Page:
When your sister is getting married, the first thing you think of this “Whoa! Wait a sec! She is grown up?!”
And then “Oh Yeah! She is just one year younger to me.” And your other self interjects: “Yeah! And you are a mature woman, a mother of a three year old, right? Right?! Oh wait!”
So, yes, it was more difficult for me to handle my sister’s wedding than mine. For one thing, it meant that I could no more pretend that we were all still girls. Womanhood. Remember when you were little girls dressing up like your mother and aunts and pretending to be grown ups? Now, we put on layers of make up, go to the beautician and get the latest style in an attempt to stop looking so adult like.
But I digress. For I am talking about a wedding. Organising one, to be precise.
And I am all about organising. Or planning, to be realistic. Implementing plans have always been my passion, as long as someone else does the hard work and I be the brains.
So my wonderful cousins and a couple of beautiful wonderful friends (thank you Kaushik and Karthik for being so good, and actually letting me bully you guys around) helped with it. But I was absolutely knackered, remember when things can go wrong, they can and will. Especially at weddings.
Like for example, your nine yards saree slipping and falling off on the dias just when the mangalsutra is going to be tied on your sister. And you are trying to grin and move slowly backwards and hoping against hope no one wonders who the Draupadi is.
Or like being asked to pose with your three year old and realising that he has pulled your saree off without your knowledge down your neck and the photographer is trying to hint at you, oh so politely.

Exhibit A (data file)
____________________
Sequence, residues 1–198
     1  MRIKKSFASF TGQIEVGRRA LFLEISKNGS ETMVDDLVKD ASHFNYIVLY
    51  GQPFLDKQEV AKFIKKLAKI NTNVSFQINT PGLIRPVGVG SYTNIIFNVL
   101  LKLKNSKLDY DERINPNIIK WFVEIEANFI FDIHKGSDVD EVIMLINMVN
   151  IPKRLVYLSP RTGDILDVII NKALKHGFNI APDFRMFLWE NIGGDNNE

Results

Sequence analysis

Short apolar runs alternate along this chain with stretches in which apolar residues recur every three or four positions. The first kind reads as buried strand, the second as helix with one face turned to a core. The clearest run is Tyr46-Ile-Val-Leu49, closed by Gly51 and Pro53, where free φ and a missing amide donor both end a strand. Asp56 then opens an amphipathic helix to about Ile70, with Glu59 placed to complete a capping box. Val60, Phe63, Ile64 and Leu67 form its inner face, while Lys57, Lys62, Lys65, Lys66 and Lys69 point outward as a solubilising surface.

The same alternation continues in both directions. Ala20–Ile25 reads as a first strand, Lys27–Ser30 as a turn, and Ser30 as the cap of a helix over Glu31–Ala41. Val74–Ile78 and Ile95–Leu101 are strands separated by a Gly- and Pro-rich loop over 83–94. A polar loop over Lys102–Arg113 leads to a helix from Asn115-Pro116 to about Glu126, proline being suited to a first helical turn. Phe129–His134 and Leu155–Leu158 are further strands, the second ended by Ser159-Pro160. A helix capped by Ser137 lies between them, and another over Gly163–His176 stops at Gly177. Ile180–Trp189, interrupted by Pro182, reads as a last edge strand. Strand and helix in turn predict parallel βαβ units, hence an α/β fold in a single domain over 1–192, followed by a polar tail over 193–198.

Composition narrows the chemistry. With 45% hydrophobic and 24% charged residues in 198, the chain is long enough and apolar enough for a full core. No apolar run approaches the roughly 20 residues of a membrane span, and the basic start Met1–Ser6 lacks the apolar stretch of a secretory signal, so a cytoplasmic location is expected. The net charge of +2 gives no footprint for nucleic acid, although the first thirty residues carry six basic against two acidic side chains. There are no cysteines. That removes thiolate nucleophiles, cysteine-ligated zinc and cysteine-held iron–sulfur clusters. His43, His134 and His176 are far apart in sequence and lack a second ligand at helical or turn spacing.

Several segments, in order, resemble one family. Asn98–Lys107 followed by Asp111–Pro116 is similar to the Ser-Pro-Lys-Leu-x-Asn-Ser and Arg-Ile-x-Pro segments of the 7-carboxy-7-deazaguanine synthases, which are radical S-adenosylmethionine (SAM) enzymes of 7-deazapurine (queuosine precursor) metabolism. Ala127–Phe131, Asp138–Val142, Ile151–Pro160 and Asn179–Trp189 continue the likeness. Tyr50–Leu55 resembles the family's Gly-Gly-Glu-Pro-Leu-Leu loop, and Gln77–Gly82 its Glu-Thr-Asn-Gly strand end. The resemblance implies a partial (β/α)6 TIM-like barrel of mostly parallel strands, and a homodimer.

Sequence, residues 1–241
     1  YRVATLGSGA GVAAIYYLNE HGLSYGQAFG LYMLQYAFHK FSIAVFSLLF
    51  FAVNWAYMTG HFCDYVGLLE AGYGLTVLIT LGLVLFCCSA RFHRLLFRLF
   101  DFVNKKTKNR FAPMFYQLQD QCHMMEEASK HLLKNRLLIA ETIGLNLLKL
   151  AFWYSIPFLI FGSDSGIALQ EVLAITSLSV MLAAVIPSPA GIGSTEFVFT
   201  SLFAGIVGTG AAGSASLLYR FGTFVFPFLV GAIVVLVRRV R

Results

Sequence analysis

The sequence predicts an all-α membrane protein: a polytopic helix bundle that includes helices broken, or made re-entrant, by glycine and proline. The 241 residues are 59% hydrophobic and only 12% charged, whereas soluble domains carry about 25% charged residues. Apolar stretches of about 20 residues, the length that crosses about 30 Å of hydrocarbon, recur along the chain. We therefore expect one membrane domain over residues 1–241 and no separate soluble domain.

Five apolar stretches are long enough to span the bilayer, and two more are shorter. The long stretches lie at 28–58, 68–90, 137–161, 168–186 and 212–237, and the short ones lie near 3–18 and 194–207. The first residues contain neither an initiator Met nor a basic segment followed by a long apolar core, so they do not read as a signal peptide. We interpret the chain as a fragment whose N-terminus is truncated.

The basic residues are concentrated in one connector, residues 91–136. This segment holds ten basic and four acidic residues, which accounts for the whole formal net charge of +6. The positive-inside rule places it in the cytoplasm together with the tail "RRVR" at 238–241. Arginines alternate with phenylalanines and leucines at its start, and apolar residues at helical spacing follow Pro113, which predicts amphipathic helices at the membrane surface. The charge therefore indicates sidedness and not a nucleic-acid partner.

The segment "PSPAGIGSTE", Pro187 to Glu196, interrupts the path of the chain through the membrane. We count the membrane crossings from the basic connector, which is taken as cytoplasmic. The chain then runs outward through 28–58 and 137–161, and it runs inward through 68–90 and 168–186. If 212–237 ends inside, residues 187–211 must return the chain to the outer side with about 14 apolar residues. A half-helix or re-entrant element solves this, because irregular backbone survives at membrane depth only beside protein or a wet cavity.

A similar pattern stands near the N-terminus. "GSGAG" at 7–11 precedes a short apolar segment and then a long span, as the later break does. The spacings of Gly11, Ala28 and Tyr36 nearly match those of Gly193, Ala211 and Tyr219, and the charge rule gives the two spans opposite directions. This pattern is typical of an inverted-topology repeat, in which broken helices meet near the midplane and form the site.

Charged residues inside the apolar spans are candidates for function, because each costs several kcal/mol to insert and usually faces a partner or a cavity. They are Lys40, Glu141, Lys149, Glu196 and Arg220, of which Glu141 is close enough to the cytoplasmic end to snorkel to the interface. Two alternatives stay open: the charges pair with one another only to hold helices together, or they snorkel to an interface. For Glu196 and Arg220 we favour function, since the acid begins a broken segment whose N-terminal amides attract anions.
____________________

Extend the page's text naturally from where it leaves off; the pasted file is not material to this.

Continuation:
Or else wishing like crazy that you had invested in some water proof mascara as you try not to go all teary eyed.
Or else like pretending to recognise every person who walks up to you and shake your hands saying “Oh wonderful! Of course I remember you! How could I forget?”
And when your cousins ask you who they are say “Well, they are very important relatives. I am shocked that you do not know your own family! You younger generation!” and run off with a swish of your saree before they realise you did not name these important relatives.
Remembering to breathe. Because there is that handsome looking hunk smiling at you so tenderly. Blast he is married, Oh wait, that is the Man. Then some cousin comes and asks you to please not letch at your own husband in public and you give a knowing glare at her hand entwined with her husband’s “Atleast some of us let husbands have some space”.
And then the running. Oh so much running. Until someone comes up with the idea to wear a salwar underneath your saree to make it easier and you thank them for the rest of your life.
And then dancing. And giving into the dance and feeling bad that people have already become tired.
And the Man coming up and putting his arms around you saying, “Enough Dancing Sweetheart. I don’t think the others can keep up.”
And hoping and wishing on a falling star that my sister’s marriage is as blessed. And as loved.